Posner’s attempt to intertwine Vatican finance with a history of the papacy—"rampant corruption, pervasive nepotism, unbridled debauchery"—isn't neutral, or correct.
How can we choose to have agency over our lives when we are bombarded by choices? Crawford proposes a way to reclaim your attention span and thereby reclaim yourself
The French writer Henri Ghéon lost his faith at fifteen and regained it after living through war. His 'Born in Battle' is a powerful account of religious rebirth.
Appy’s view is that American exceptionalism is an obnoxious and dangerous delusion, and his broadside against it recounts a litany of Vietnam atrocities.
This story is fascinating in its own right, but what makes the shootings of these four Jews a worthy subject of Timothy Ryback's arresting new book is their timing.
Published posthumously, Margaret O'Gara's collection of essays introduces the ecumenical perspective to a general audience in vivid first person.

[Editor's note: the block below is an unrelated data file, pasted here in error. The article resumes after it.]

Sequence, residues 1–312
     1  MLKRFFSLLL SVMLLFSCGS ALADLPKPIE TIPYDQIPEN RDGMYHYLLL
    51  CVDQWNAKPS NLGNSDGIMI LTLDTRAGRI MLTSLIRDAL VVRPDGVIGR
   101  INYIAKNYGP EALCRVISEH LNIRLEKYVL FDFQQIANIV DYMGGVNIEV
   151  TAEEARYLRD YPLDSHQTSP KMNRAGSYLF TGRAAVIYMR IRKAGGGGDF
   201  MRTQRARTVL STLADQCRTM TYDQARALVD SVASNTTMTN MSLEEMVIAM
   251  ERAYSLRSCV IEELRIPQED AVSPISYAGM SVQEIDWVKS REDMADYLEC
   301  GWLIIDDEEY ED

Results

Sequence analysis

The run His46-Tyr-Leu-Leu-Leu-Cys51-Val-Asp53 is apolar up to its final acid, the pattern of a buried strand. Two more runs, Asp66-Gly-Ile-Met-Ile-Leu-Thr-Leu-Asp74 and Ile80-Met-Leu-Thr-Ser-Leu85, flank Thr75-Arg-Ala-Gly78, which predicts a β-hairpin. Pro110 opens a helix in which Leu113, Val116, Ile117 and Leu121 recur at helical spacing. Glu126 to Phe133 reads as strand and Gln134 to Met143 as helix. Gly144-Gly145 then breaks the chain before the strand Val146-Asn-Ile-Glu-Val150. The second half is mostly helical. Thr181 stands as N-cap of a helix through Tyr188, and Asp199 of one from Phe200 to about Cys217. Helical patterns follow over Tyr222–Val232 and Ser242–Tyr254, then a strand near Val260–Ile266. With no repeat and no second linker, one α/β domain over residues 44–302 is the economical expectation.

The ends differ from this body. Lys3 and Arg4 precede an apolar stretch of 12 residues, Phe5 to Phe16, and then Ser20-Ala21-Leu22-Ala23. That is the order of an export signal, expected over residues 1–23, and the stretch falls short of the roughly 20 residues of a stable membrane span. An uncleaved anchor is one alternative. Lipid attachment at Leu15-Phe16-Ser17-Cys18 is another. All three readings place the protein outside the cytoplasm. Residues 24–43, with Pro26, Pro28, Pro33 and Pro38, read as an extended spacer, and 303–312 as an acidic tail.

The humorous tone of Lev Golinkin’s new memoir doesn’t prevent him from engaging with topics of deadly importance: tryanny, communism, anti-Semitism, and childhood.
Readers expecting a tour de force of church history shouldn't. The question for Wills is this: Why do we need the church or Pope Francis to remind us of God’s love?
Through the eyes of a middle-aged alcoholic grandson of an Auschwitz survivor, Michel Raub's fifth novel contemplates the infinite ways humans torment each other.
Wendell Berry and Gary Snyder's correspondence narrates the tension between a place-based way of life and the travel schedule of a prominent writer, beautifully.
Samet’s memoir has a bone to pick with American society and the Army itself—both, she believes, failed her former West Point cadets, soldiers who never returned.